LIONS INSIDER

NOTEBOOK: Houston's prognosis for Sunday; Riddick's new role and the importance of nickel defense

Posted Oct 4, 2013

Lions hoping they will have starting CB Chris Houston against Green Bay's high-powered offense

During a conference call with the Detroit media this week, Packers quarterback Aaron Rodgers had some kind words to say about Detroit Lions cornerback Chris Houston.

"I think one guy in particular who has improved every year that we’ve played against them is cornerback Chris Houston," Rodgers said. "He’s a guy who has impressed me and he is a very competitive guy, high effort guy that makes a lot of plays."

Houston was told about those remarks in the locker room after practice Friday.

"Wow, I’ve made it," Houston joked, knowing what a compliment that is coming from a former MVP quarterback.

"That is a big compliment, but he’s still one of those quarterbacks who’s still going to try you. That maybe was to soften me up a little bit, but I’m not going for that, because I know if I’m over there, and Jordy Nelson is over there, the rock is coming over there."

The Lions know how important it will be to have Houston in the lineup in Green Bay on Sunday, which is why it was good news he was able to return to the practice field Friday for the first time this week since injury a hamstring last week vs. Chicago.

Houston is, however, listed as questionable to play Sunday.

"I’m just taking it day-by-day and see how it feels," Houston said.

He could be a game-time decision.

The Packers feature a receiving trio  – Nelson, Randall Cobb and James Jones – who all have at least 200 yards receiving and a touchdown through the Packers’ first three games.

It's a daunting task to face that kind of fire power with Houston, let alone without him.

EMBRACING THE ROLE

Rookie running back Theo Riddick hasn’t made much impact on offense. He has two carries for minus-two yards and one catch for eight yards.

The same can’t be said for his impact on special teams.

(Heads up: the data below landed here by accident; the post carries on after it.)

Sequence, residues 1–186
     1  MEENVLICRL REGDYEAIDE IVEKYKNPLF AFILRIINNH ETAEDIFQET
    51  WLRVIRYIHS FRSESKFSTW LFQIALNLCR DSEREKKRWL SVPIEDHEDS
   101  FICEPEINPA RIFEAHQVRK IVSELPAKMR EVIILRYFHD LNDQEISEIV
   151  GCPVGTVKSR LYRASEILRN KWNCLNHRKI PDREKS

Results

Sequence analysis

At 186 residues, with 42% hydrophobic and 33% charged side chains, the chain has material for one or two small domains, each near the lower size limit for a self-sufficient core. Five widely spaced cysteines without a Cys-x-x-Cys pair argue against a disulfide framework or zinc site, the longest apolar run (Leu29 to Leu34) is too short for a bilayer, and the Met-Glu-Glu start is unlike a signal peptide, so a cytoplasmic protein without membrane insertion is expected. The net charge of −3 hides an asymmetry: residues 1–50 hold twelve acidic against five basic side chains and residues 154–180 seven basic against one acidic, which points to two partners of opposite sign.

Riddick has been terrific for special teams coverage units that are vastly improved this season.

"In college, a lot of times your skilled players aren’t covering kicks or punts," head coach Jim Schwartz said. "He has shown good speed, toughness and good instincts. He’s made some good plays for us on the coverage units. You need to do that."

The Lions were expecting veteran Montell Owens to have a big role on those teams, but he’s been sidelined on short-term injured reserve because of a knee injury.

Riddick has stepped in and the coverage units haven’t skipped a beat. That's a compliment to Riddick and others.

"He gets it," Owens said of Riddick. "A lot of guys don’t get it, meaning a lot of guys come in and don’t realize how important special teams is. He’s a guy that gets it, but also has the ‘want to’ to be great on special teams."

Theo RiddickRB Theo Riddick (Photo: G. Smith/Detroit Lions)

MENTAL HEALTH

Speaking of Owens, he felt a little closer to that return date in Week 9 on Friday.

He’s been working out and running for weeks after suffering a knee injury in the preseason, but it’s always been in the indoor facility and away from the practice field.

Friday, Owens was outside working on the side as his teammates practiced.

"I don’t want to be a distraction to the team," he said. "But as we get closer, it’s good to get those juices flowing again, get than camaraderie and look into another man’s eyes while he’s out there preparing. I feed off that and they feed off me as well."

NICKEL MORE PREVALENT

The Green Bay Packers run a lot of their offensive out of three-receiver sets. If that holds true on Sunday, expect to see a lot of nickel defense on the field for the Lions with second-year cornerback Bill Bentley.

That's becoming more and more for teams in today's NFL as offensive skill players get better and better.

"Our opponent this week has three really talented wide receivers and a really talented tight end," Schwartz said. "Randall Cobb is technically their third wide receiver. He is also their leading receiver. He plays about three quarters of their snaps out of a three wide receiver formation when they’re in two tight ends or two backs they only have two receivers on the field so they have a good player that’s going off the field."

It’s getting to a point in the NFL where defenses are in nickel (which means an extra cornerback comes in the game for a linebacker) just as much as they are in base.

"It’s the first time in the NFL that teams have featured three wide receiver sets," Schwartz said. "There are a lot of playmakers on offenses that they want to keep on the field. That’s up to defenses that fend them. A lot of times you have to go to extra defensive back packages to do that."

EXTRA POINT

--Linebacker Rocky McIntosh was fined $15,750 for a horse collar tackle on Devin Hester in last week’s Chicago game.